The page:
McSorley’s still a hit after 163 years: Review

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Every thirsty New Yorker has (sometimes reluctantly) stopped by and ever tourist guide book recommends popping in, but McSorley’s Old Ale House at 15 East 7th Street just off of Astor Place is no tourist trap. It emphatically remains well worth the $5.50 cost of two small beers.

Open since 1854, McSorley’s has clung to life though economic depression, prohibition and gentrification. It continues to serve its unique light and dark brews — found nowhere else — to a crowd that has shifted from working class, to intellectual, to bridge and tunnel today. Household names like Woody Guthrie, E. E. Cummings, Teddy Roosevelt, Peter Cooper, Boss Tweed, Hunter S. Thompson, Brendan Behan, LeRoi Jones, and even Abraham Lincoln have stopped by for a creamy glass of ale.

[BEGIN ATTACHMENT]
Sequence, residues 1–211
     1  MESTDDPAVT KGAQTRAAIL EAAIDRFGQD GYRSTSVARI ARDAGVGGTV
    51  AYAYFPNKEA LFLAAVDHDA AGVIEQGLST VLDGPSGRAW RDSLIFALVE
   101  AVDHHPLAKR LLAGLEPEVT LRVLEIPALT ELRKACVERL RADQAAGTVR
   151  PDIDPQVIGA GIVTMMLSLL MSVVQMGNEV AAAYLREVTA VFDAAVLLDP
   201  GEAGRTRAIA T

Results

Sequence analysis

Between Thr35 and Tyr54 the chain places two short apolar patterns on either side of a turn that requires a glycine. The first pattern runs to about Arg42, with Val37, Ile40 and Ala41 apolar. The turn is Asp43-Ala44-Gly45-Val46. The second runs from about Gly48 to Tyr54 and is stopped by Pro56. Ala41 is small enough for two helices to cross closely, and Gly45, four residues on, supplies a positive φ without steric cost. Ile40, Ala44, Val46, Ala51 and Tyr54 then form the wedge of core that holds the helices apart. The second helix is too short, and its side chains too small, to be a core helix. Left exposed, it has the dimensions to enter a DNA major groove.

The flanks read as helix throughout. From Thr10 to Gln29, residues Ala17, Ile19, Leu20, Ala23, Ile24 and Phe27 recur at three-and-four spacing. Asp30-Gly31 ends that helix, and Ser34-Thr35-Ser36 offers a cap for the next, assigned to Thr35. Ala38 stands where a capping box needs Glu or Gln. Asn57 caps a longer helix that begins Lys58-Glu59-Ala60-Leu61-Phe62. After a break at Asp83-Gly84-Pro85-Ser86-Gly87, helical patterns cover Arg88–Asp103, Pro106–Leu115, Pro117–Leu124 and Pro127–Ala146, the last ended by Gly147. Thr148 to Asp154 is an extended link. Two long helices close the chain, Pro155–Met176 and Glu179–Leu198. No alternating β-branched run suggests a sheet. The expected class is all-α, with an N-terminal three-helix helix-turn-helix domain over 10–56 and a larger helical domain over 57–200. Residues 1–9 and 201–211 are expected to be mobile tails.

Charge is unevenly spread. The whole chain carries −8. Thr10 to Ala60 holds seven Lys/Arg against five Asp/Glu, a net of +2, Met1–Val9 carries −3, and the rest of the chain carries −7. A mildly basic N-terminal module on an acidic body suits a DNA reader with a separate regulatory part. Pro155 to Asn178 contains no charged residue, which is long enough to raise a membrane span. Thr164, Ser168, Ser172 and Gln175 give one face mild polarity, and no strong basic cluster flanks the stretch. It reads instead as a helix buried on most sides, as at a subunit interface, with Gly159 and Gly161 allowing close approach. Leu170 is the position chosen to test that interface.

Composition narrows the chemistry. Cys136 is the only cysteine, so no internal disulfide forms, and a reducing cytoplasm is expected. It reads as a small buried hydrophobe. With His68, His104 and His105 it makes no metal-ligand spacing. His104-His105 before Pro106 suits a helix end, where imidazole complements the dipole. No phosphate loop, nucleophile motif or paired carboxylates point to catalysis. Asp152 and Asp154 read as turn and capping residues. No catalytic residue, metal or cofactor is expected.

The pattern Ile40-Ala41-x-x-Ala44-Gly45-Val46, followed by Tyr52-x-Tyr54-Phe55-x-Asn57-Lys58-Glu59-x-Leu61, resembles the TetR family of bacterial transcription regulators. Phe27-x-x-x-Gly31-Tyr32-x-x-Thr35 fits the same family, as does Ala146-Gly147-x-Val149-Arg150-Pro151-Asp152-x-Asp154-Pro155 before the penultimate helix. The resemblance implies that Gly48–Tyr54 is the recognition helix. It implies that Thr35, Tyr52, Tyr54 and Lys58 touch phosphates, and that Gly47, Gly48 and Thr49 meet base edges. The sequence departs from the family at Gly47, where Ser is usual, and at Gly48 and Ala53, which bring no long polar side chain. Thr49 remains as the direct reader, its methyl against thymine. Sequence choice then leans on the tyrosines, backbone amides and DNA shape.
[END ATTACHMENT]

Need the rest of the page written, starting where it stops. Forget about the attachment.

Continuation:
Inside, expect old-timey kitsch covering ever square millimeter of wall space and absorbent sawdust on the floor — look for Houdini’s handcuffs on the bar rail, a portrait of Teddy Roosevelt and wishbones left by World War 1 servicemen hung above the bar. Tables are crowded and communal. Bar service comes fast and without frills as dozens of glass pile up at each table. There are lots of familiar faces working here but don’t expect to catch the bartender’s name, he’s likely to respond with a snarl.

It’s an atmosphere that has been condescendingly described as “Olde New York,” but it’s in fact mostly the real McCoy, and we find the space positively transportive. You can easily imagine a 19th-century politician standing atop a table to deliver and impromptu speech.

Now, on top the question at the heart of the matter: the drinks. Well, in city dominated by craft beers and 15-step cocktails, McSorley’s simple and heady home brew can seem a little passé. But approached with the right expectations, we think you will find the bar’s light and dark ale intensely quaffable.

Our verdict: if you haven’t been, go!

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